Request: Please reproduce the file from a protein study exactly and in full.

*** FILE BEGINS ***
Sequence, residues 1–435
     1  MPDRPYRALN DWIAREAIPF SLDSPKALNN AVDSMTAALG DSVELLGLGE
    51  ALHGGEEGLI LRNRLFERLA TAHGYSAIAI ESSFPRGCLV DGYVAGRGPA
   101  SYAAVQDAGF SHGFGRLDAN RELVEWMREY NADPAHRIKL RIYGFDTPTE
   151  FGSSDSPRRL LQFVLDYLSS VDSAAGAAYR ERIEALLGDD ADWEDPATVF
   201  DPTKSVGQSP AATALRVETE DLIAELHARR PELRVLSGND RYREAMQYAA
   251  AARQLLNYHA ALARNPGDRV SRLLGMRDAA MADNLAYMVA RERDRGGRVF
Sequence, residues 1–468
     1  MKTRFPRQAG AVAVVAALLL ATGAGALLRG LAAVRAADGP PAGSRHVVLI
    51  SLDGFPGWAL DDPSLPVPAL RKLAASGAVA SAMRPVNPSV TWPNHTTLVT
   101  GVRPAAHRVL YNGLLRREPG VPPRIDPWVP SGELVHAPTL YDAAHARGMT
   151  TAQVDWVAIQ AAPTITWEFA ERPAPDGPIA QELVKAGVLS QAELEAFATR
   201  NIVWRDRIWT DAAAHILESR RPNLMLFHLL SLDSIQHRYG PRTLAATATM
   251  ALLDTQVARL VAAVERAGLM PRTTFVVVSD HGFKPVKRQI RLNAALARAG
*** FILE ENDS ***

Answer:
Sequence, residues 1–435
     1  MPDRPYRALN DWIAREAIPF SLDSPKALNN AVDSMTAALG DSVELLGLGE
    51  ALHGGEEGLI LRNRLFERLA TAHGYSAIAI ESSFPRGCLV DGYVAGRGPA
   101  SYAAVQDAGF SHGFGRLDAN RELVEWMREY NADPAHRIKL RIYGFDTPTE
   151  FGSSDSPRRL LQFVLDYLSS VDSAAGAAYR ERIEALLGDD ADWEDPATVF
   201  DPTKSVGQSP AATALRVETE DLIAELHARR PELRVLSGND RYREAMQYAA
   251  AARQLLNYHA ALARNPGDRV SRLLGMRDAA MADNLAYMVA RERDRGGRVF
Sequence, residues 1–468
     1  MKTRFPRQAG AVAVVAALLL ATGAGALLRG LAAVRAADGP PAGSRHVVLI
    51  SLDGFPGWAL DDPSLPVPAL RKLAASGAVA SAMRPVNPSV TWPNHTTLVT
   101  GVRPAAHRVL YNGLLRREPG VPPRIDPWVP SGELVHAPTL YDAAHARGMT
   151  TAQVDWVAIQ AAPTITWEFA ERPAPDGPIA QELVKAGVLS QAELEAFATR
   201  NIVWRDRIWT DAAAHILESR RPNLMLFHLL SLDSIQHRYG PRTLAATATM
   251  ALLDTQVARL VAAVERAGLM PRTTFVVVSD HGFKPVKRQI RLNAALARAG